Look inside, on the other hand, and the beautiful interior appears to be production-ready apart from a few details such as the graphics on the steering wheel-mounted controls, the shift lever and lower (Operation Zone) screen graphics. The instrument graphics, as previously rumored, appear to be strongly LFA-inspired, and this author loves the black and amber interior color scheme (most reminiscent of the 2009-10 IS F's Terra Cotta/Black or, perhaps, its 2011's Orange/Black iteration or the current GS F Sport's Cabernet interior). Sadly, we suspect that the amber dashboard top won't make it to production, due to potential issues with distracting windshield reflections from such a bright color.

The luxury carmakers' divergent sports coupe strategies
Might studying rival luxury brands' sports coupe strategies shed some light on what space, precisely, a production version of LF-CC would occupy in Lexus' lineup? Probably not, given how divergent their philosophies are. Audi, Cadillac, Infiniti and Lexus currently make do with a single coupe (or convertible coupe IS C in Lexus' case). Whereas the Japanese and the Americans utilize the same series nomenclature for the sedans as for their coupe offshoots and share the same wheelbase in both body styles, Audi considers the A5 coupe and convertible a separate line from its A4 sedan and Avant (wagon) progenitor and uses a 2.3" shorter wheelbase for the A5 than for the A4.

In contrast, BMW and Mercedes-Benz use a multitude of strategies within their expansive niche-upon-niche model lineups. Whereas the BMW 6-Series coupes and convertibles are considered a separate series that sits on a shorter (by 4.5") wheelbase than its 5-Series sedan parent, at this point the brand's 1 and 3-Series coupes share their wheelbase with their 4-door siblings. This may change going forward, however, with persistent rumors that BMW will echo Audi's strategy – not to mention its own 5/6 Series – in making their future coupes and convertibles 2 and 4-Series.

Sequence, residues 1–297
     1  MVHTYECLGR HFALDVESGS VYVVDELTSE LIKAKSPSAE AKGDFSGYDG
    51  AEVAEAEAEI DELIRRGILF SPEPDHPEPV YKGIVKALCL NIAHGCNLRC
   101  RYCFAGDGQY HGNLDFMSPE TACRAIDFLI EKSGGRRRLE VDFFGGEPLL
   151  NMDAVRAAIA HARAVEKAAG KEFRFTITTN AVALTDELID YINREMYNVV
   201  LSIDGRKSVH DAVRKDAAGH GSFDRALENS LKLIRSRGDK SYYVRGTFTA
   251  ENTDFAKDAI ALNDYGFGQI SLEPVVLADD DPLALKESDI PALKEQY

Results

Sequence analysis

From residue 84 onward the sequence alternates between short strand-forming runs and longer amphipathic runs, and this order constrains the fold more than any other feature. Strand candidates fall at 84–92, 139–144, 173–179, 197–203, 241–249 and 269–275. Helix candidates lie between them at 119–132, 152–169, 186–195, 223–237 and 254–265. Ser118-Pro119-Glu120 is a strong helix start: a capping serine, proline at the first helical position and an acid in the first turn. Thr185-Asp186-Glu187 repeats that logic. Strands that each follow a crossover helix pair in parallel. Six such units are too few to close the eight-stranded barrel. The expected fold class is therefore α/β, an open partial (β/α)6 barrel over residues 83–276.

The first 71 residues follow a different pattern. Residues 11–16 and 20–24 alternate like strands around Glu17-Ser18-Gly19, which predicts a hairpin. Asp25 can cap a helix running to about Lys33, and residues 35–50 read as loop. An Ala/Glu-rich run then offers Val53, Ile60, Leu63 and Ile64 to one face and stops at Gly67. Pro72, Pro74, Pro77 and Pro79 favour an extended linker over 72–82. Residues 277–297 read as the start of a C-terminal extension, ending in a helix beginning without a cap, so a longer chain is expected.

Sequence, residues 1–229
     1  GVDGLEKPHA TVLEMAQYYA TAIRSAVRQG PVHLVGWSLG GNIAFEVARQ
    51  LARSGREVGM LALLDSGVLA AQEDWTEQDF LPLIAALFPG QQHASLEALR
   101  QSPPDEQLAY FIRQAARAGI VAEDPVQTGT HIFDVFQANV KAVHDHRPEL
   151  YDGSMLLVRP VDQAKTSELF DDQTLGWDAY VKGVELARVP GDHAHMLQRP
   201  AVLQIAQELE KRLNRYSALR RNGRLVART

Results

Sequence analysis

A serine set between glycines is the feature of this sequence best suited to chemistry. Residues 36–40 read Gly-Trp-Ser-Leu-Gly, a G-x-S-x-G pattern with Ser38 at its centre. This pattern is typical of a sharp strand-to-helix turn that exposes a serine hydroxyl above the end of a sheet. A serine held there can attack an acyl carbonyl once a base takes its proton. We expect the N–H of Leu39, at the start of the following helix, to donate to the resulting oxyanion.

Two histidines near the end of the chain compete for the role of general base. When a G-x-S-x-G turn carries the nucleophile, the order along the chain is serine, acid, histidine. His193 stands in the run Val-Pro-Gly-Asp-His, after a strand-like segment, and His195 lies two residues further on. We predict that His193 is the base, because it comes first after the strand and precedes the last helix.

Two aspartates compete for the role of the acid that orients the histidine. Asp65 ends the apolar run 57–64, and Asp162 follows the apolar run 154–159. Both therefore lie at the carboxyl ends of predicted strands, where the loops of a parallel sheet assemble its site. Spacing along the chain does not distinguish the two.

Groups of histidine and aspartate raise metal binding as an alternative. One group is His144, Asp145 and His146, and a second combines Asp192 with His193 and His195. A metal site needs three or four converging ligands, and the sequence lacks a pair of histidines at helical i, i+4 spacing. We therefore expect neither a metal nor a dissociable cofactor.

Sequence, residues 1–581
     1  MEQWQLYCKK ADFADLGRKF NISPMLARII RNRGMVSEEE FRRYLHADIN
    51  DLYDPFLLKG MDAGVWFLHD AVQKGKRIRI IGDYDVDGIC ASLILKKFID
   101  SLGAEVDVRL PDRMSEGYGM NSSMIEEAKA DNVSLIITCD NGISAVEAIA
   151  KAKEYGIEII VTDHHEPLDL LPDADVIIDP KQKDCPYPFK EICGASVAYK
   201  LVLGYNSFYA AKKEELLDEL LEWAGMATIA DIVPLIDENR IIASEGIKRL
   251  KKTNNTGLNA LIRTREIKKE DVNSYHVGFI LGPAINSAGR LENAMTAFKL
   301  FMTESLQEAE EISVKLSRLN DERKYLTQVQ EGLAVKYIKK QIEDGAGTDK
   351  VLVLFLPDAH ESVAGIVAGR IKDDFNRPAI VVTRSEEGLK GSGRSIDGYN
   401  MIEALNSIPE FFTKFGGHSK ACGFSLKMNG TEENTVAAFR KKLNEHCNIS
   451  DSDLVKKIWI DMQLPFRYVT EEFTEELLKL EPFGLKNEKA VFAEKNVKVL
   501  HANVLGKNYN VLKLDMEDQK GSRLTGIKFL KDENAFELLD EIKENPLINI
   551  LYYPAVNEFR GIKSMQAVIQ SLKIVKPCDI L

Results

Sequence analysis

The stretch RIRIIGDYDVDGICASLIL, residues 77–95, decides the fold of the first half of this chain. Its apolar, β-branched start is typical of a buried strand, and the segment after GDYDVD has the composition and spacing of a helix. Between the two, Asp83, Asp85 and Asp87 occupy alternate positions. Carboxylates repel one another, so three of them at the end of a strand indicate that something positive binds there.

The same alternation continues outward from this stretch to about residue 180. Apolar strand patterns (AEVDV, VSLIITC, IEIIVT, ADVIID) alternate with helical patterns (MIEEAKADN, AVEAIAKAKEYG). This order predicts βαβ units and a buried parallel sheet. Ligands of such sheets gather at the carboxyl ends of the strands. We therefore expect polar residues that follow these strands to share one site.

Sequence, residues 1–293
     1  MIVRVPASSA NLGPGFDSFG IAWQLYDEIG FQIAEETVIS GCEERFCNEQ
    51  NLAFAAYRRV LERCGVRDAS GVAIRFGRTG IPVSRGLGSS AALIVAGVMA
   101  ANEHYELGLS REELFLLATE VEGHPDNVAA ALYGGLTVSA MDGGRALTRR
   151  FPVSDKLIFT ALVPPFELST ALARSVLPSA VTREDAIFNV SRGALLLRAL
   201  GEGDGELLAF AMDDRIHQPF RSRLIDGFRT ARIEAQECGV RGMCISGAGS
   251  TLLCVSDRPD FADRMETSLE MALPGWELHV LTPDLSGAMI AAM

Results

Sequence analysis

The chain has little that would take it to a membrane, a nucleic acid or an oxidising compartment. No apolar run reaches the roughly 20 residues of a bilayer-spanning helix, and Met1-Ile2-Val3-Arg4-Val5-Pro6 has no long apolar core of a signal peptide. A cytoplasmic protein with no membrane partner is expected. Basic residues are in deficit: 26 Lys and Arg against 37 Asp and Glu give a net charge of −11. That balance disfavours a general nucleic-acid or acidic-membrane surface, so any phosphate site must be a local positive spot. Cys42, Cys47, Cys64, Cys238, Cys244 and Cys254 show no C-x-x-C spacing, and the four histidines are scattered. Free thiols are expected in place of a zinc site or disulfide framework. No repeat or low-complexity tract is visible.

Mercedes, curiously, went the opposite route. Whereas their coupes once had separate nomemclature (CLK and CL), they now bear the names of their C, E and S-Class sedan parents. Yet, all is not as straightforward as it seems, for both the C and E-Class coupes share the same 108.7" wheelbase as the C-Class sedan, whereas the E-Class sedans sits on a longer (by 4.5") wheelbase. In fact, other than pricing and equipment levels, the main difference between Mercedes' C 350 and E 350 coupes is whether you prefer a Honda Accord Coupe-like greenhouse with a B-pillar or a pillarless hardtop.

IS C, GS C or SC? What are we looking at here?
Given what we've noted above, it would appear that anything is possible regarding what badge a production version of LF-CC would wear. Lexus' press release provides a single size clue in the 2nd and 3rd paragraphs of its press release when it refers to LF-CC as a <A HREF="">D-segment</A> vehicle, which is precisely where the Lexus IS sits. <A HREF="">Wikipedia's Car Classifications page</A> suggests that the GS is more of an <A HREF="">E-segment (or Executive) car</A>. While most pundits seem convinced that we're looking at a concept version of the next IS C (available, for the first time, with a fixed roof), we can't discard the possibility that this will be badged a GS C (much like Mercedes' E-Class coupe is C-Class-sized) or that it might bring back the hallowed Lexus SC badge. Forget a CC badge, though. That's now too closely associated with Volkswagen's Passat-derived CC 4-door coupe.

Perhaps, if Lexus reveals some dimensions at its official Paris Motor Show unveiling, we might be able to make more educated guesses.